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Moderator: eriksl

User avatar
By eriksl
#89247 Hi all,

I am planning to make a wlan remote control (not infrared, bluetooth or otherwise ISM technology). Most of the work is actually done (the software part) and it does already work, as long as it's connected to a power line. And that's the issue, for it to be really usefull, it will need to run on batteries.

I am lucky I have the space for one or two penlight batteries, no need to go for coin cells. But even then, 1.2 Volts or 2.4 Volts (1 or 2 rechargable batteries) is too low or very quickly too low for the ESP8266 to run on.

So I tried one of my always "in stock" boost converters (containing an XL6009). That won't work though, because officially it needs 5 V to run on (although I could see it starting to work from 2.6 V). I now have ordered for a few other boost converters, that are supposed to start working from 0.9 V, I'm very curious if they really work well, we'll have to see.

Now the interesting part, the power management. I had the following in mind. There are six inputs for user control (two encoders each with an A, B and toggle outputs). All of them need to be able to wake the ESP. As far as I know both A and B signals are low when idle, will check. Toggle is also low on idle. So what I need to do is make a logical or for all those signals, make it start a timer and while the timer is running, it should pull the chip enable pin.

Now the, I think, most interesting decision is how to keep the ESP active long enough for it to be able to process the input, send it and keep around for long enough to give the user a smooth experience. I could configure the timer to keep active for about one minute, but there is also another approach, where the timer is only active long enough for the ESP to boot, then the ESP would keep itself powered on for a configured amount of time. I would prefer that last option. It would allow for a proper deassociation from the access point instead of simply turning of the power. I think it will need another "or" between an output pin and the timer.

For the "OR" ports I actually was thinking of an 2 times 4-in-package 7400 type OR, CMOS compatible and low power, something like the AC type or newer. I don't like "wired" OR (which would be very simple of course). And for the timer the old 555. I am not sure both can do what I want, I am still investigating.

Any thoughts on this?
User avatar
By btidey
#89254 In the rotary encoders (cheap small 20 step type) I have used the A/B have a common connection and the push switch has two separate terminals.

I normally connect one switch terminal to the A/B common and then to 0V. So then there are three logical 'signals'. In the idle state all connections are open so with pull ups they are logical 1 normally and logical 0 when activated during rotation or when switch is pulsed.

For a minimal 1 control WLAN rotary button I just started up the ESP8266 when the A signal activated. I don't think it is necessary to use both A and B as both will activate during a rotation. In my case I didn't need to activate on a push operation but could be added pretty easily.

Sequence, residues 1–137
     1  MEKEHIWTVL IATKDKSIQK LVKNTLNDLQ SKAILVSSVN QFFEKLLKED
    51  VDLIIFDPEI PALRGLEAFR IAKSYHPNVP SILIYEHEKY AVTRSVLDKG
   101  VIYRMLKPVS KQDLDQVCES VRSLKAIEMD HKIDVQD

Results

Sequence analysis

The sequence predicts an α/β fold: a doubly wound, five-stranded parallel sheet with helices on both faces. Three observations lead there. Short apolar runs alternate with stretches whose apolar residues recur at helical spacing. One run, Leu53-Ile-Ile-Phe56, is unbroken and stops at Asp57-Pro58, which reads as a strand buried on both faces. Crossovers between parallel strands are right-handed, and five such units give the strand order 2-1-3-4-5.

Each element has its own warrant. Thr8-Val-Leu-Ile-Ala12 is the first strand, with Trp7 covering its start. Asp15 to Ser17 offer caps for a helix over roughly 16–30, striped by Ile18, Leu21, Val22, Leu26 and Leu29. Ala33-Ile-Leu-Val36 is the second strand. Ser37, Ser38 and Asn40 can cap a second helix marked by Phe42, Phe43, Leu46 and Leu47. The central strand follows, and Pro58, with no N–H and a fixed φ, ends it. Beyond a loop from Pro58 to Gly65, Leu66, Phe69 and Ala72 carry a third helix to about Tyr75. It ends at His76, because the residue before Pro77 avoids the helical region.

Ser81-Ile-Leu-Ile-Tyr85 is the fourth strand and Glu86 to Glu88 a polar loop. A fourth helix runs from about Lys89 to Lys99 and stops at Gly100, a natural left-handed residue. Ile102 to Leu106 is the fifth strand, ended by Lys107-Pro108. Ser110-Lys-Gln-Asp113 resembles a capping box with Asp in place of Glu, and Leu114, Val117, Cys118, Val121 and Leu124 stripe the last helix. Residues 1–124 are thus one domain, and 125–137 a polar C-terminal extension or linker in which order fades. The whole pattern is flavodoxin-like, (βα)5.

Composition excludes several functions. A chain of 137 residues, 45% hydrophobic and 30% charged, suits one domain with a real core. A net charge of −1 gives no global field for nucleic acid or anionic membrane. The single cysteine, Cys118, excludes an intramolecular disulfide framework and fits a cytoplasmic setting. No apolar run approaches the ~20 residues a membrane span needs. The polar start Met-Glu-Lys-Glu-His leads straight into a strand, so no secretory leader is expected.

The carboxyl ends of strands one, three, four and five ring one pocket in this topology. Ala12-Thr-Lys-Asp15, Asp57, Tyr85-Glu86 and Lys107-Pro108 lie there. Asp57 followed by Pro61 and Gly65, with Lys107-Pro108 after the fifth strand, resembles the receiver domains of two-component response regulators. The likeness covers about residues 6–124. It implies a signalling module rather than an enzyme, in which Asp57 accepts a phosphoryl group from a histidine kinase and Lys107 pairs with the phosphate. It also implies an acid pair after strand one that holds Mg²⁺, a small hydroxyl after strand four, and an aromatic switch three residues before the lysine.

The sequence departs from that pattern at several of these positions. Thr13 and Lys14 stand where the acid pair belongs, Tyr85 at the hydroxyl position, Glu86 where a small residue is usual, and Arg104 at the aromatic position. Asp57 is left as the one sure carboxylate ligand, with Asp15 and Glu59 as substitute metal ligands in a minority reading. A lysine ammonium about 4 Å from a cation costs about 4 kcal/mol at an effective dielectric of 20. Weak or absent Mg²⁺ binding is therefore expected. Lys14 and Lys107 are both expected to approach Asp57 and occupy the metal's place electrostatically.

After activation I used a GPIO to maintain the device on until it had completed its operation and so the software could determine when to release this and allow the device to sleep. I have a configurable hold time so that once activated it would stay on for a bit as further operations were quite likely.

I use a small LiOn (300mAh) cell and this gives a good length of time (e.g. 6 months depending on usage.

It sounds like you are doing a more extensive operation than I was so it could require more external support but it might be worth checking out the implementation for ideas.
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By eriksl
#89255 How do you ensure the ESP keeps powered on (CE high) until fully booted? This is where, in my case, the 555 comes in.

BTW in the meantime I (also) realised the encoder outputs are idle high, they're pulled up by a hardware debouncer I usually use. Even without a debouncer you'd probably pull up the outputs.

So I don't need an OR gate but an AND gate. This works out quite well as the trigger input for the 555 is active low. So as long as everything is idle (high), the output remains high (inactive). I've found the CD4068 does exactly what I want, eight inputs, one output, no inversion and still sells. The inputs are nicely high-impedance, the output is not very strong (< 1 mA at 3.3 V), but it's push-pull and strong enough to drive the trigger of the 7555 (NXP CMOS variant of the 555). So so far it looks like it can work. As only CMOS components are used, idle power should be very low.

I am very curious whether I will be able to run from a single AA cell (1500 mAh) using the boost converter I ordered, that would be awesome. If the battery would be needed to be replaced once a year it would be great!
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By eriksl
#89256 I just realised, why not use AAA cells, the capacity will probably be large enough as well and their size is considerately less, easier to use two of them or even three, in a not-to-large box including the PCB and the encoders. So I order a few battery holders for those too.